Taking on the world

By Martha Heller, CIO |  Business

In order to stay competitive, U.S. e-businesses need to start expanding into
global markets, and multinational companies will have to start doing a huge percentage
of their business on the web. Are there any false assumptions that companies tend to
make when going global?

They almost universally underestimate the magnitude of the task. It's like if you
have children, the first child feels like one child, but the second feels like four,
and the third feels like eight. The more countries you add to your multinational e-
business, the more complex the management of your infrastructure. Even if a company
already operates globally through traditional channels, its management usually doesn't
understand that the internet changes everything.

What I've seen happen is people all of a sudden hit the wall. They are doing great
e-business in the United States and say, "Well, we'll just use the same infrastructure
for the rest of our global business." But when they try to draw on the public internet,
the train comes to a screeching halt.

What gets in their way?

The public internet. It doesn't work nearly as well internationally as it does
nationally. When you're dealing with inter-country connections, the delays and
additional routings can cause significant problems for end users. And for companies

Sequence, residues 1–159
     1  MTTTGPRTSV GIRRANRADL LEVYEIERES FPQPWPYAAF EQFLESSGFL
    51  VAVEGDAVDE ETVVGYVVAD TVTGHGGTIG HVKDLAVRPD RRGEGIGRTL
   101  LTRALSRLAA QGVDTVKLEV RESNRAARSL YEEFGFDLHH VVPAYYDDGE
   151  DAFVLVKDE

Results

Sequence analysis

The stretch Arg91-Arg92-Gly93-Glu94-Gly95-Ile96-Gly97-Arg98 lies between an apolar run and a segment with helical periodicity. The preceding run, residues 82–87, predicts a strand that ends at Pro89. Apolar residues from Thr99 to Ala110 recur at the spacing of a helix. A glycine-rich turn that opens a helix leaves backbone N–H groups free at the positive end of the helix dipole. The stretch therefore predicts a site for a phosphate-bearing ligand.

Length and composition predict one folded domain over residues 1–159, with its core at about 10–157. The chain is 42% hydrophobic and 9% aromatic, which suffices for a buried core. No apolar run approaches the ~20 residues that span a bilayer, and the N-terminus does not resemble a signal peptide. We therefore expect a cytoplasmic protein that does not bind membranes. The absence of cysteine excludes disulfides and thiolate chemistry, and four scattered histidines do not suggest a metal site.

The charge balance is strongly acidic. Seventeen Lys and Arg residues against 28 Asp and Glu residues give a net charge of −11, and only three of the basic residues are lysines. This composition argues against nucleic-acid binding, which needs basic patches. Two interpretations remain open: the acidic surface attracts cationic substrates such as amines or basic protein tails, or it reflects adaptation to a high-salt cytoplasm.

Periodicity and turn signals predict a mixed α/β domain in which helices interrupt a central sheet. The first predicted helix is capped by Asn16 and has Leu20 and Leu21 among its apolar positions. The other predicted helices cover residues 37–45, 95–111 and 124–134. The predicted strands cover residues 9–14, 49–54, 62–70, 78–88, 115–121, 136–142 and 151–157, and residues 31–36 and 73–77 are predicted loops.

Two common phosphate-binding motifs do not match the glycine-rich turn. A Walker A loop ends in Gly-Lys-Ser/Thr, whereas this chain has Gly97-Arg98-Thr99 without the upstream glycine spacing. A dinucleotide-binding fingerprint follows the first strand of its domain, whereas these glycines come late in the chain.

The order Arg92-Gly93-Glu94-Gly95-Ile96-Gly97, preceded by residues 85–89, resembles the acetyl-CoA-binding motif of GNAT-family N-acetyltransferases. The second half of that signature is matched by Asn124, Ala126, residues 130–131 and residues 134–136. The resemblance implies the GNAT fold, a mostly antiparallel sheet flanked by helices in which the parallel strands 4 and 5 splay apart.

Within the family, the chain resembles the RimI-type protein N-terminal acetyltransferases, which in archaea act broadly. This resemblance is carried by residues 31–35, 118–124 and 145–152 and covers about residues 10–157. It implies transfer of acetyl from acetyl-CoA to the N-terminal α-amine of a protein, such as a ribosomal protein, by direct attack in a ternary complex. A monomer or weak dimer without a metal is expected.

trying to build global brands in local markets, inconsistent user experiences can have
a serious impact on their brands.

If E-Trade provides a good customer experience in Los Angeles, but a poor one in
Australia, its global brand will suffer. There are local competitors in Australia with
a local brand presence, so for E-Trade to be successful in that market, they have to be
as locally relevant -- as fast, reliable and secure -- as they would be if they were
located in Australia.

When you go from Los Angeles to Australia through more than 20 router hops and a
number of different networks, you not only get degradation in performance, security and
consistency, you no longer have any idea where that user is coming from, and that
information is extremely important.

Why is it so important to know where the user enters your network?

An end user anywhere in the world should be able to read a global website in his or
her own language, without first having to visit an English page that says "check the
language you prefer." A truly competitive e-business operation will give users content
that is locally relevant: in their own language, with the price list in their currency
and with the right product set.

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